Abital


Also found in: Wikipedia.

Abital

(ăb`ĭtăl), in the Bible, mother of David's son Shephatiah.
The Columbia Electronic Encyclopedia™ Copyright © 2013, Columbia University Press. Licensed from Columbia University Press. All rights reserved. www.cc.columbia.edu/cu/cup/
References in periodicals archive ?
After 13 years in the camp, the remaining four of the group comprising Mamere, Paul, Jeremiah and Abital, who consider themselves family despite no blood relations, are given asylum by the United States.
Four Sudanese children - Mamere, Abital, Jeremiah and Paul - flee war and spend 13 years in a Kenyan refugee camp.
But Abital is sent to a different part of the US from the boys.
The real protagonists are the three Sudanese men (and Mamere's sister Abital, played by Kuoth Wiel), coming to America as part of a resettlement program that was sadly cut short by 9/11.
Mamere is smart and very articulate -- "I want to speak to another official," he says at the airport when Abital gets placed in the wrong city -- but also thinks "Why did the chicken cross the road?" is the funniest thing ever (listen to this, it's called "a joke", he tells the others; don't they have jokes in Sudan?).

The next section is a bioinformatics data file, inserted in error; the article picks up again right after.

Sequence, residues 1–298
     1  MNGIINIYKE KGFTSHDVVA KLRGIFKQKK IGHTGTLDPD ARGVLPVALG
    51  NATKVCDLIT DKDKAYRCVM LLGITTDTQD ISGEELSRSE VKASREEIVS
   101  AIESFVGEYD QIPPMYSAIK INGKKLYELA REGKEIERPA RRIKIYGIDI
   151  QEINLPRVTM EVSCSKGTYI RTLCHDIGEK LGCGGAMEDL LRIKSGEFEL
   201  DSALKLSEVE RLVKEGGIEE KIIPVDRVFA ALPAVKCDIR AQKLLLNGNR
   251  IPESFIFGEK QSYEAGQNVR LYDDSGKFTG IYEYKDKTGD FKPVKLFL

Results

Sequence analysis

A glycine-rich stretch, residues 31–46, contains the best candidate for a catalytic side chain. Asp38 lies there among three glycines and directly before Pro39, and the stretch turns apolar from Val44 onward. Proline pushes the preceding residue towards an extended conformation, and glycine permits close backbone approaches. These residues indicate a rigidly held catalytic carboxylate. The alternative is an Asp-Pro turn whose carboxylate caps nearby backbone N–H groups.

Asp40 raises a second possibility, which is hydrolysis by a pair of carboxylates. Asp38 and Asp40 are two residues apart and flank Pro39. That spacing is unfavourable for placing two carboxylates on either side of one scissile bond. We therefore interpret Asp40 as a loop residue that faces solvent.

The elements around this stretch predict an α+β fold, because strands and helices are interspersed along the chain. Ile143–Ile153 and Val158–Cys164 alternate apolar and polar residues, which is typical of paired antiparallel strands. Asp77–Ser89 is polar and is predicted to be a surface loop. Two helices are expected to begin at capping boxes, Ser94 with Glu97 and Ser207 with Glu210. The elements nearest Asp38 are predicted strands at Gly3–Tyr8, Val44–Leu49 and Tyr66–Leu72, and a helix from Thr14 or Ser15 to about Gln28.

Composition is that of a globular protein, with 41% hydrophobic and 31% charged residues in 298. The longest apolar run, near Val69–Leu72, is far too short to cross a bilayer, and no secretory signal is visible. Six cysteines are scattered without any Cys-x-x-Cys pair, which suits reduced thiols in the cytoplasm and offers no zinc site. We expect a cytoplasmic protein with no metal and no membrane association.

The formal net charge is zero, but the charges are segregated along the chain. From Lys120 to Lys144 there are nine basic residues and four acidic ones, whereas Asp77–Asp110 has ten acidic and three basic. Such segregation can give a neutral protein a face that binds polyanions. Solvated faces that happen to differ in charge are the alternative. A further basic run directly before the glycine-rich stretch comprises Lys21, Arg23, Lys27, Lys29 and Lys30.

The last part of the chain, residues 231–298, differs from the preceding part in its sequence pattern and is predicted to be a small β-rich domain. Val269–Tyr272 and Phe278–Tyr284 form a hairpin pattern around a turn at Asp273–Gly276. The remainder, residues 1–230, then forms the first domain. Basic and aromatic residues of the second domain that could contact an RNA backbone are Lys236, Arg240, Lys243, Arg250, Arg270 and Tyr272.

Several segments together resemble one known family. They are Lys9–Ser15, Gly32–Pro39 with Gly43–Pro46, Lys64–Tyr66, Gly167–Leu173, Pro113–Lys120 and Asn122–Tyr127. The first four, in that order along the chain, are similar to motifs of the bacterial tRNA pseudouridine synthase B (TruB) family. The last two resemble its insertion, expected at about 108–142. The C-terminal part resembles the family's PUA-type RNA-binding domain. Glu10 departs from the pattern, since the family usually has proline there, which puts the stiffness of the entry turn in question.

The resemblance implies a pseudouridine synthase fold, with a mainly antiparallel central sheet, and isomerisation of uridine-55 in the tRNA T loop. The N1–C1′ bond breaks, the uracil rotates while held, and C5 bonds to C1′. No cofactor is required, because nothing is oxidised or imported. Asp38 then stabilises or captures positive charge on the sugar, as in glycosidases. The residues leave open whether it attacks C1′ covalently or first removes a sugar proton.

One can even forgive the crowd-pleasing moments, like the guys praying over "that miracle food, pizza", or the early bit in the refugee camp when Abital looks at Mamere's T-shirt, emblazoned with Nike's 'JUST DO IT', and says that in America -- land of opportunity -- "we can finally find out what this means".
The story is fictional, but based on extensive research by screenwriter Margaret Nagle, who interviewed hundreds of "Lost Boys.'' The film begins in a southern Sudan village, where two brothers, Theo and Mamere, and their sister, Abital, suddenly find themselves orphans when attackers come rampaging through, killing anyone in sight.
Mamere, Abital and close friends Jeremiah and Paul have become a family unit.
Upon arrival in New York, the group is forcibly separated; boys to Kansas City, Abital to Boston.
However, if God permitted polygamy to stand as an example not to be followed, then one wonders why conflict among David's wives--Michal, Abigail, Ahinoam, Maacah, Haggith, Abital, Eglah, and Bathsheba--is not mentioned.